Q. Why don’t we make more use of four o’clock for a landscape plant? They are not eaten by the deer, have nice blooms with fragrance, and are very drought tolerant.
A. There are several reasons: four o’clocks are undisciplined growers that spread from their large root system. The flowers are not very showy, and the unruly plant is hard to market.
Q. How much sun is required for a St. Augustine lawn to prosper? How about zoysia grass? Bermuda?
A. Based on my experience, St. Augustine grass requires six hours of direct sunlight (60%); zoysia needs eight hours (80%) of sunlight; and Bermuda grass 10 hours (100%). The sunlight must actually reach the grass to count.
Q. We are growing cactus and are having trouble with mealy bugs. Is there an insecticide or cultural practice that will control it?
A. Mealy bugs are difficult to control but on cactus I have been told you can dip the plant in a 25% rubbing alcohol solution. Include the container in the drench because the mealy bugs hide on the bottom and even in the drain hole. To ensure your cactus can survive the drench, test the action on a guinea pig plant or two.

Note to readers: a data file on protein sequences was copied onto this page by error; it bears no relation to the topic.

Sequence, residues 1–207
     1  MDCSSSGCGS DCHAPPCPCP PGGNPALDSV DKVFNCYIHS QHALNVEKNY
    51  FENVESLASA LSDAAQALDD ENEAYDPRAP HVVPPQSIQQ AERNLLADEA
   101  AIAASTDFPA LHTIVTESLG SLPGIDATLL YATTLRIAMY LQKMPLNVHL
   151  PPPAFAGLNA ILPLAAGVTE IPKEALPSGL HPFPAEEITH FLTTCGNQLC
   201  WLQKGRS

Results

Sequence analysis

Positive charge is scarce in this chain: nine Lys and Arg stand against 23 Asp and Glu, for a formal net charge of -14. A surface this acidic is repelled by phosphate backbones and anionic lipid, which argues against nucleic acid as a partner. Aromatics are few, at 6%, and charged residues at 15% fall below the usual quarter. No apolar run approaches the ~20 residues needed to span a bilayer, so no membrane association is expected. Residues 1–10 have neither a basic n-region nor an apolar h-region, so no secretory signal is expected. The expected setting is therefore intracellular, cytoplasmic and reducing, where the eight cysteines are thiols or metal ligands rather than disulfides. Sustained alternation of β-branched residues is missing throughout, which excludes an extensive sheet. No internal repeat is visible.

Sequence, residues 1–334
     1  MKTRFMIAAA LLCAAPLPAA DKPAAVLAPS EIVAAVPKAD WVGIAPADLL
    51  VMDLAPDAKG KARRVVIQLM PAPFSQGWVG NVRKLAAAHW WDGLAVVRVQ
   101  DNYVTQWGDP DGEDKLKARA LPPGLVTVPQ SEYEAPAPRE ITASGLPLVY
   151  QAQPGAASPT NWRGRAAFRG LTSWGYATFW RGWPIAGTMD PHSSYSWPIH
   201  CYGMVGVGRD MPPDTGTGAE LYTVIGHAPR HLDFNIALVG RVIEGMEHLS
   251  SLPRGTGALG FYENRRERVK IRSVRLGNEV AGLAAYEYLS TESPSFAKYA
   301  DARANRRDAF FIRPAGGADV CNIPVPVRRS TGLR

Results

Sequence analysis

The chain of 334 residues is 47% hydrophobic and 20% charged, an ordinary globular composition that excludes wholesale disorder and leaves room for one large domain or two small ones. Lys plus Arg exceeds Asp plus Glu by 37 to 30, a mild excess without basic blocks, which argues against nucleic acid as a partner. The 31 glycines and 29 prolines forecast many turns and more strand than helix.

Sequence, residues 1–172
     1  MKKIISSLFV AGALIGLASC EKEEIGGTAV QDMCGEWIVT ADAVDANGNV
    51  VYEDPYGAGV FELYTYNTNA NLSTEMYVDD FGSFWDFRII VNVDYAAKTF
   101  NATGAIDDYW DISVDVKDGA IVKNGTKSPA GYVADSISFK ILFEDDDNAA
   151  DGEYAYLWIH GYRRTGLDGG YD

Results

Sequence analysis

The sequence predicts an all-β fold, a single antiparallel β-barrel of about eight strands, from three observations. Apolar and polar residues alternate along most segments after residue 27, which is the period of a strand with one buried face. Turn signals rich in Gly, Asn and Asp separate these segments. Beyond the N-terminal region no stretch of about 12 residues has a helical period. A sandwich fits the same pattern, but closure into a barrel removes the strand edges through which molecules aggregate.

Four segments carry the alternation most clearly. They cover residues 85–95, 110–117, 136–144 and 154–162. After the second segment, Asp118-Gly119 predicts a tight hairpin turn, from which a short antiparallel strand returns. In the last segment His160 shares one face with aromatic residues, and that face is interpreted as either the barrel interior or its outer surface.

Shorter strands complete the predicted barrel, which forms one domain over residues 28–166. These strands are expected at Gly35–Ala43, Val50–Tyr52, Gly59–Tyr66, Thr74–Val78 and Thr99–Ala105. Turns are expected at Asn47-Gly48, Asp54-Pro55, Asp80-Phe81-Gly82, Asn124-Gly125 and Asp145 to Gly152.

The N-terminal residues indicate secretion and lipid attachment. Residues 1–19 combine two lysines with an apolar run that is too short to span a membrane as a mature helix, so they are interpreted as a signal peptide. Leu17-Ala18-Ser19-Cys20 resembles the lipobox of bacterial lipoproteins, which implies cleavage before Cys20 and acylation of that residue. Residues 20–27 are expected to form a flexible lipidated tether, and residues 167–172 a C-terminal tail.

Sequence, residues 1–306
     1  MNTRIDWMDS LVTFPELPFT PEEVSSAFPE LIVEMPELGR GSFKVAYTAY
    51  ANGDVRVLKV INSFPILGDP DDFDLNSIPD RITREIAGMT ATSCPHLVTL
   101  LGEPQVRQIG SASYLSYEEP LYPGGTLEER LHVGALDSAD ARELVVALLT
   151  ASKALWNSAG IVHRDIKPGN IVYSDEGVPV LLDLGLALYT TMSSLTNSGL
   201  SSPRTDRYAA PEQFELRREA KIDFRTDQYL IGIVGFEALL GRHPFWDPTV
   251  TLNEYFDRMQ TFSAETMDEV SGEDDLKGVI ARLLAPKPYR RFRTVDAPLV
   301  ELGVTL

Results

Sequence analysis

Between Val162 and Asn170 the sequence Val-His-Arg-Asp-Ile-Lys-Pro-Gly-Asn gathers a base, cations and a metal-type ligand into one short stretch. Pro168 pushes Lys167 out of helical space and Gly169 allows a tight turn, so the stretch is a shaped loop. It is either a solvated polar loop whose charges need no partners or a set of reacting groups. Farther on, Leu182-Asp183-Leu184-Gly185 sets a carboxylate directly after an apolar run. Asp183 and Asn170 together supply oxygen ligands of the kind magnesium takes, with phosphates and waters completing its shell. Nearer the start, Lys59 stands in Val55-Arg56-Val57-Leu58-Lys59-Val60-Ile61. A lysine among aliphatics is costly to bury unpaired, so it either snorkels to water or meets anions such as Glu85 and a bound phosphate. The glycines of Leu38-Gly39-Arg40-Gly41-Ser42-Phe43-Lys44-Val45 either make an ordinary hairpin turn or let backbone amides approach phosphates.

Q. My jalapeño peppers are not prospering. The leaves are narrow, and some are crinkled up. Any ideas what it may be?
A. Thrips have been very common this summer on peppers. They cause the “crinkling.” To control the thrips use a spinosad or other insecticide labeled for vegetables. I would also not be surprised that the heat has stressed the plants. Peppers deal well with heat if they get enough water. Try increasing the irrigation watering.
Q. What are some deer proof blooming plants? We need some color in our property border.
A. Consider thyrallis, pride of Barbados, angelonia, iris, esperanza, tropical milkweed, Texas mountain laurel, Mexican honeysuckle, salvia and lantana.